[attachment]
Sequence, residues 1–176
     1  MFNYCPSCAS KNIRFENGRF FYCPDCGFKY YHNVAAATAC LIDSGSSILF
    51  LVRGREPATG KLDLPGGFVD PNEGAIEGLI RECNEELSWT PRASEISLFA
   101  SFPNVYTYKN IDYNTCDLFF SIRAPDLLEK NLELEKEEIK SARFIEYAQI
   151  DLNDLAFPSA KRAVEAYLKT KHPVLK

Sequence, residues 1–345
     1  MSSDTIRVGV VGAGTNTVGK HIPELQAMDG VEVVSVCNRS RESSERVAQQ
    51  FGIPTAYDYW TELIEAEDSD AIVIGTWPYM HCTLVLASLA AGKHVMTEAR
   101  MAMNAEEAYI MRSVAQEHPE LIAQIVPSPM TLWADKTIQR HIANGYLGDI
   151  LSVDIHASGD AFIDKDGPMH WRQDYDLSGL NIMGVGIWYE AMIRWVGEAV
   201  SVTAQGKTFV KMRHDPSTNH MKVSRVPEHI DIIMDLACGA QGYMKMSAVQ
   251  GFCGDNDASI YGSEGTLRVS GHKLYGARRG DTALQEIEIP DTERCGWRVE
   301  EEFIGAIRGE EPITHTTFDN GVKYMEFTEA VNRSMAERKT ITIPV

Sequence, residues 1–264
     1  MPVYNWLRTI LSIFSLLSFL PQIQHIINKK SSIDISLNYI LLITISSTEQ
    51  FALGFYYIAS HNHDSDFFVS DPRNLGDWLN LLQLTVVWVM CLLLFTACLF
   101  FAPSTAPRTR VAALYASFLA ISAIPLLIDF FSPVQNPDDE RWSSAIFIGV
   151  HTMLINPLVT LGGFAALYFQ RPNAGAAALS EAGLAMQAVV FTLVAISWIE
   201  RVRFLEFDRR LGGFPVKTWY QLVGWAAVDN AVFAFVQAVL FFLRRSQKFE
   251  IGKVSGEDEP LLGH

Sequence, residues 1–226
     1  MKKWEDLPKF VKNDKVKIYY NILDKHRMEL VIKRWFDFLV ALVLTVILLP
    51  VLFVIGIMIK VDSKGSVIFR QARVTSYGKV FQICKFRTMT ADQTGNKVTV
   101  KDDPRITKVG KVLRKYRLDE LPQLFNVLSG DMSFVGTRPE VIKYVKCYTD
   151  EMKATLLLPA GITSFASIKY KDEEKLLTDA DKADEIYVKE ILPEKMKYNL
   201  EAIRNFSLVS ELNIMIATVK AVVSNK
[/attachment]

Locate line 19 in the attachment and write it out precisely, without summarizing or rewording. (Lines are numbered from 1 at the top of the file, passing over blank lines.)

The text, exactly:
   201  RVRFLEFDRR LGGFPVKTWY QLVGWAAVDN AVFAFVQAVL FFLRRSQKFE